New national program gives access to multilingual health education

Women’s health service launches program to give multilingual health education access to migrants and refugees

multilingual health education

During the first stages of the pandemic, people who died of COVID-19 and were born overseas had an age-standardised death rate that was 2.5 times higher than people who were born in Australia. And of those born overseas, the rate was particularly high for people born in North Africa and the Middle East. 

What’s causing this disparity in Covid-19 deaths? New data from the Australian Institute of Health and Welfare (AIHW) reveals that for migrant and refugee communities, limited access to in-language and culturally tailored health information is a big contributor. 

The report, Australia’s Health 2022, found that migrant and refugee communities are among several population groups at a greater risk of contracting and dying from Covid-19 than the general population due to barriers such as language difficulties, cost of care, lack of culturally appropriate information and unfamiliarity with the Australian healthcare system. 

As one of the most culturally and linguistically diverse countries in the world, this latest evidence highlights the critical need for health education programs tailored to migrant and refugee communities in Australia.

Stepping in to provide this vital resource is The Multicultural Centre for Women’s Health (MCWH), a Melbourne-based, not-for-profit organisation and the only migrant and refugee women-run Women’s Health Service in Victoria. Their latest program, Health in My Language, aims to improve vaccine literacy, increase vaccine confidence and decrease barriers to navigate the vaccination system.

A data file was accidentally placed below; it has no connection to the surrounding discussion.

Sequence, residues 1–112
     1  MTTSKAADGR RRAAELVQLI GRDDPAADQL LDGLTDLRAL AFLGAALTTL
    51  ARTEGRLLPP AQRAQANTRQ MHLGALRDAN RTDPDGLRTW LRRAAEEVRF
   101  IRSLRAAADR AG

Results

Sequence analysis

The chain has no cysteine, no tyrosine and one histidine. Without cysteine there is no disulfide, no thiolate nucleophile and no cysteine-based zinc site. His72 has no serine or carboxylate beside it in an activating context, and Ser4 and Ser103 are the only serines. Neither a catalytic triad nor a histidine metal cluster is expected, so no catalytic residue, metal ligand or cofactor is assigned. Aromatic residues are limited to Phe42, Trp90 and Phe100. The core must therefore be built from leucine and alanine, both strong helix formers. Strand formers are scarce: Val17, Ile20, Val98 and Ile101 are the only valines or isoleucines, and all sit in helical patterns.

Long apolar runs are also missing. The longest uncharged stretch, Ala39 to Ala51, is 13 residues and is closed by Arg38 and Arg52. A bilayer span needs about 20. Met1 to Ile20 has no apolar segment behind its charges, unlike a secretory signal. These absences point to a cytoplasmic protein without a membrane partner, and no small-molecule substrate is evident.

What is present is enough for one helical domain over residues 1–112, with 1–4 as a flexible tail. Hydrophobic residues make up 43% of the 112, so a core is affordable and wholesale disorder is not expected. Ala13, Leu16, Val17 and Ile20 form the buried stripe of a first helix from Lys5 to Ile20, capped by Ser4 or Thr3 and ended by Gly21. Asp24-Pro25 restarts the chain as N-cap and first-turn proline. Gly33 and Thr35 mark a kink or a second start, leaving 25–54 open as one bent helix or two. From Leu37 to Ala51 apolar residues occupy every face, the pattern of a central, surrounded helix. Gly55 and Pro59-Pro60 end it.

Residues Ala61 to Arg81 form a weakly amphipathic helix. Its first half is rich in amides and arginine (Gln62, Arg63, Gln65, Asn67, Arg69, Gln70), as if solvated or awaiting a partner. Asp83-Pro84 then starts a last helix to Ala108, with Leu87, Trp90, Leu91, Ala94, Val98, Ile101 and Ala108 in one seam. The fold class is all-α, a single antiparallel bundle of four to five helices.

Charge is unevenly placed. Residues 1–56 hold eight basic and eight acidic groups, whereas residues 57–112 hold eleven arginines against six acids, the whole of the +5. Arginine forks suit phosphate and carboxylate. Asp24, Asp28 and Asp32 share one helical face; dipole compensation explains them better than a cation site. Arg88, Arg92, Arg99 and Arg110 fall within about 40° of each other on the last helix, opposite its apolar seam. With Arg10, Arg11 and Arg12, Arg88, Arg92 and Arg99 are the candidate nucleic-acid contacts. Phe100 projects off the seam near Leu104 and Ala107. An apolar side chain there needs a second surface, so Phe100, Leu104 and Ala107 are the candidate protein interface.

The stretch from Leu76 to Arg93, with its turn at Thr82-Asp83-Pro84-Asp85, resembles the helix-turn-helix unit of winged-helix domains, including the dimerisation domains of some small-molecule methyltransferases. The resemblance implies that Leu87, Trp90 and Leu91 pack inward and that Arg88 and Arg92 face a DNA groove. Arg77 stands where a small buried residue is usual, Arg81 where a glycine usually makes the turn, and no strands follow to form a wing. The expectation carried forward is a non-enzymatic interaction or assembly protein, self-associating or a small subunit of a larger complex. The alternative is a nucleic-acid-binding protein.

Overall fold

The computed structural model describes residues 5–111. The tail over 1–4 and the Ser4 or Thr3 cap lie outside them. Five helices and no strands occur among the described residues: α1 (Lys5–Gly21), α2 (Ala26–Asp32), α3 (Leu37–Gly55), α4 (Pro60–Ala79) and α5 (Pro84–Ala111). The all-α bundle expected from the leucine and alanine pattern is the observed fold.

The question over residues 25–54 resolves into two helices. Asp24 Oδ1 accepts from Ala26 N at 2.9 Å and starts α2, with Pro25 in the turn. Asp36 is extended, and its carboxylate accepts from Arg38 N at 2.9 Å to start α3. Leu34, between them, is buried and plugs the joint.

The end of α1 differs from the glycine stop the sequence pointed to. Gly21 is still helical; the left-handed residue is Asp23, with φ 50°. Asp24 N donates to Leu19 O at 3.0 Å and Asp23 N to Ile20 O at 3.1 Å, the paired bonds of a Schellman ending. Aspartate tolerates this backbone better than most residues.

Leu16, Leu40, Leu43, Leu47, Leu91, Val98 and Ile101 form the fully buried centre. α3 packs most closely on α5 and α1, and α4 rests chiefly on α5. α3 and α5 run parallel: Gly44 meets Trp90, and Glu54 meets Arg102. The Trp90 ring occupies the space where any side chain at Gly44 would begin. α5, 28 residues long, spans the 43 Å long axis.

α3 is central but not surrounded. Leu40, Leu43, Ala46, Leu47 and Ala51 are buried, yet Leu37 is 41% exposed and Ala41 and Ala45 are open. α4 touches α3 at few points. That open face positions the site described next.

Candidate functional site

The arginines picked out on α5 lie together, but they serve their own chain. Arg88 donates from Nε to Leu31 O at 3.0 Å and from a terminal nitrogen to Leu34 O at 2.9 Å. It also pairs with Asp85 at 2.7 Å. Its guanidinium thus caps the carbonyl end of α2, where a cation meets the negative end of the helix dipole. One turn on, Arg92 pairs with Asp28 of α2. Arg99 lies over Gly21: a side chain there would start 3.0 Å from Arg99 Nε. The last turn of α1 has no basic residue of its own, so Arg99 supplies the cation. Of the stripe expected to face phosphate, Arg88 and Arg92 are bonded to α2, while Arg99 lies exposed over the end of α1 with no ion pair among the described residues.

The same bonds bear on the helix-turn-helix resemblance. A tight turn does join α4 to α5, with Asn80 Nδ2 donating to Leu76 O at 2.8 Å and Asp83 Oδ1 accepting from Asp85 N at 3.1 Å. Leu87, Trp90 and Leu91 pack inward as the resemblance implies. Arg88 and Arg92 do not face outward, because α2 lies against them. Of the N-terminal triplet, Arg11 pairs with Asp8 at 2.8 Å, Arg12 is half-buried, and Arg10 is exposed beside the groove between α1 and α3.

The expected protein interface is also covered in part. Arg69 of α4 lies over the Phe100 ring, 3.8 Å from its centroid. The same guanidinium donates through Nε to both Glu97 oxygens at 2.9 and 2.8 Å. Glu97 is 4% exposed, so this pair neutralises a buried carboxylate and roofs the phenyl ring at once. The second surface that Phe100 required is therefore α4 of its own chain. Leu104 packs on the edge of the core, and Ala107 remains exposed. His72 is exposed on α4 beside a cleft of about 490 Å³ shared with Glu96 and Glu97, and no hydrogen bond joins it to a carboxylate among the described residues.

MCWH’s Lunchtime Workplace Health Education Session

MCWH’s National Program Manager, Dr. Regina Torres-Quiazon doesn’t think the report’s latest evidence should be viewed as merely a ‘migrant’ issue. She says, “The latest census shows we [migrants] now make up 51% of the population- we need to acknowledge that it’s indicative of an entrenched structural problem in our health systems.”

Health in My Language is a national health education program delivering accurate, multilingual information from trusted professional health educators across Australia.

The program is run in every Australian state and territory and is free of charge to migrant and refugee communities through funding that runs until December 2022 from the Commonwealth Government. MCWH coordinates a team of 44 bilingual health educators trained to deliver health education in over 20 languages/dialects. 

MCWH’s Community Health Education Session

“We know from our long history of working with migrant communities that many of these deaths could have been prevented through culturally tailored, in-language information and education, delivered by health educators who recognise that experiences of racism and discrimination in our health system can be just as detrimental to health,” said Dr Torres-Quiazon.

“The Health in My Language Project with its deployment of a trained bilingual COVID-19 vaccination health education workforce can literally save lives.”

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